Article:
I'm a BIG fan of Rega tables and I cannot recommend the RP8 enough for $3,000.00 but I will throw in 3 other extremely reliable and well built brands/tables just for fun:
Acoustic Signature WOW for $1,600.00 w/out arm.
Well Tempered Amadeus for $2,850.00 w/arm.
Townshend Audio Rock 7 for $3,000.00 w/out arm.
The WOW is a "steal" at the selling price of $1,995.00 with a Rega 202 included. As I said, I'm a BIG fan of Rega products and, IMHO, Rega tonearms are amazing when you take price/performance into consideration:
The base is constructed of a MDF and acrylic sandwich with their proprietary Tidorfolon bearing and a 24 mm polished aluminum platter. The motor is fully separated from the plateau to minimize unwanted vibration. The major highlights of its design include:
same Tidorfolon Bearing design used in all Acoustic Signature turntables, with 10-year warranty;
same AC motor used in all Acoustic Signature models;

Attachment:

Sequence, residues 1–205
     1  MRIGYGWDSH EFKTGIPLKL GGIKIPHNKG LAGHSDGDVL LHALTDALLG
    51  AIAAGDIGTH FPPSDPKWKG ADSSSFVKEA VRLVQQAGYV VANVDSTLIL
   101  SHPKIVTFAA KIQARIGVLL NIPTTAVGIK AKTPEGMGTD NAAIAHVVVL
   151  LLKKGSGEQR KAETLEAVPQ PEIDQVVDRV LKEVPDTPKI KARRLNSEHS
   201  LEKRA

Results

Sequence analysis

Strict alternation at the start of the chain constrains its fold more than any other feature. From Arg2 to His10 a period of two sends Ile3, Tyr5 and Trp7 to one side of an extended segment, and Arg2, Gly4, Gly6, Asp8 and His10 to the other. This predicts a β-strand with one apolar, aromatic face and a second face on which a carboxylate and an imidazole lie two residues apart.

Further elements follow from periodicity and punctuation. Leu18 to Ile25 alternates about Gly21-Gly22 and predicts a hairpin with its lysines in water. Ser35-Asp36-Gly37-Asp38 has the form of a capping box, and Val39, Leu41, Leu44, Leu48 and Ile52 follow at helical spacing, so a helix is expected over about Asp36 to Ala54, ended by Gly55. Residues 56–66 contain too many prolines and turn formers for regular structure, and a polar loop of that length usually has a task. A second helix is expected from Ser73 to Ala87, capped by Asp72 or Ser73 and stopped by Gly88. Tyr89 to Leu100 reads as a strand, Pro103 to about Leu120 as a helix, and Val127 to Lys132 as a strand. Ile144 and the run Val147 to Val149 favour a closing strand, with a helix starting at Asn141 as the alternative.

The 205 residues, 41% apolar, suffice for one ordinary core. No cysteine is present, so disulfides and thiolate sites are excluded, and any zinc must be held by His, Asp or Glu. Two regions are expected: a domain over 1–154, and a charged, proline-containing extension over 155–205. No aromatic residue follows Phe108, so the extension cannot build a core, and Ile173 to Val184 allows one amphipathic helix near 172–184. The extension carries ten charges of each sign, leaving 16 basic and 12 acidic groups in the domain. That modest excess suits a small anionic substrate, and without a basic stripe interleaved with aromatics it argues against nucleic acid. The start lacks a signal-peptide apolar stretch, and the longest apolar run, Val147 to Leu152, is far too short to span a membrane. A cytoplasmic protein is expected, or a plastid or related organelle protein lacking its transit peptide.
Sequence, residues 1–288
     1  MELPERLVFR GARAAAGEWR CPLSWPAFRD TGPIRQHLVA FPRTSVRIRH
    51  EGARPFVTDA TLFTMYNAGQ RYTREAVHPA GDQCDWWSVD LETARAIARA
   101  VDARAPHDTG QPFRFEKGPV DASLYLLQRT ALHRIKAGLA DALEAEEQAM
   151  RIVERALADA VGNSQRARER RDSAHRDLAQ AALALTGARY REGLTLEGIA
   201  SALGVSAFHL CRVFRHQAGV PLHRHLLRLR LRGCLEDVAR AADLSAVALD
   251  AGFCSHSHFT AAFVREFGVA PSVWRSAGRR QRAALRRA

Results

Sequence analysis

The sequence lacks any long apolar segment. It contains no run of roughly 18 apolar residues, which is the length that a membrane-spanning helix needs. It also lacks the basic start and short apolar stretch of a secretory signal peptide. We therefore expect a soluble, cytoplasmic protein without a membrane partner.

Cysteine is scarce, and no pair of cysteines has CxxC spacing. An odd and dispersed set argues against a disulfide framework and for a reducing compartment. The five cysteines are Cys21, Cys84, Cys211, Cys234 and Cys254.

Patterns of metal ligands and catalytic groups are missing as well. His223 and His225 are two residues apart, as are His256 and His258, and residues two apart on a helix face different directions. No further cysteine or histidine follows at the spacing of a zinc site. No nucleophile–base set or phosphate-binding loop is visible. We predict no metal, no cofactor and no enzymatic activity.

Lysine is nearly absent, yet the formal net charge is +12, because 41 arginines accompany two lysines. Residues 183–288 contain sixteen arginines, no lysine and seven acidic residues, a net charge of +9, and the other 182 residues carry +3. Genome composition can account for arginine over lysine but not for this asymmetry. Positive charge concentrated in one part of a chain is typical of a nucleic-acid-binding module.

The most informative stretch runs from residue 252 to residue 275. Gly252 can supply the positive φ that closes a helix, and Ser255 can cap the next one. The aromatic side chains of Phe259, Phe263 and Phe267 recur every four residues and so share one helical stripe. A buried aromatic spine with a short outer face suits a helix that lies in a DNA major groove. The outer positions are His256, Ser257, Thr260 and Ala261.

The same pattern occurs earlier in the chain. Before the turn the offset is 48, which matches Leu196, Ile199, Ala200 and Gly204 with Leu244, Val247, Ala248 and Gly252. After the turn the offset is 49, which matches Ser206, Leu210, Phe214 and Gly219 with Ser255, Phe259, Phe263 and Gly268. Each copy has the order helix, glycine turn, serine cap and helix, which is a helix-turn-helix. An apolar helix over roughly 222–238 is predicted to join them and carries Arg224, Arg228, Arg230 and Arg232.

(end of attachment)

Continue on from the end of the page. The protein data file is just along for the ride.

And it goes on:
heavy 9 lb. CNC-machined platter with leather mat;
high gloss acrylic black or white finish and;
Rega 202 tone arm.
You get to choose white or black finish.
Now the Townshend Rock 7 is in another league of its own and you will be hard pressed to find a better sounding TT in its price range. Everytime I visit my friend Larry at Hollywood Sounds I have to listen to this table. To my ears, you will need to spend up to $10,000.00 to match the sound:
The Townshend turntables incorporates a unique approach to arm-damping, involving viscous damping at the front end of the arm, right next to the cartridge, using a distinctive damping trough.
The trough-damping gives a solidity to the sound that one seldom encounters in vinyl playback. The arm in the Well Tempered Amadeus, with its bearing via damping only, comes close.
The cartridge is supposed not to vibrate at at all, to sit still except for the motion needed to remain centered over the groove as the record plays.
So based on this unique approach, the tonearm is not as important, an old Rega RB250 will do justice just fine.
Caveat? Extremely fuzzy to set up but once its set up properly, satisfaction will be endless!
Hope this helps in your quest for the right TT for you.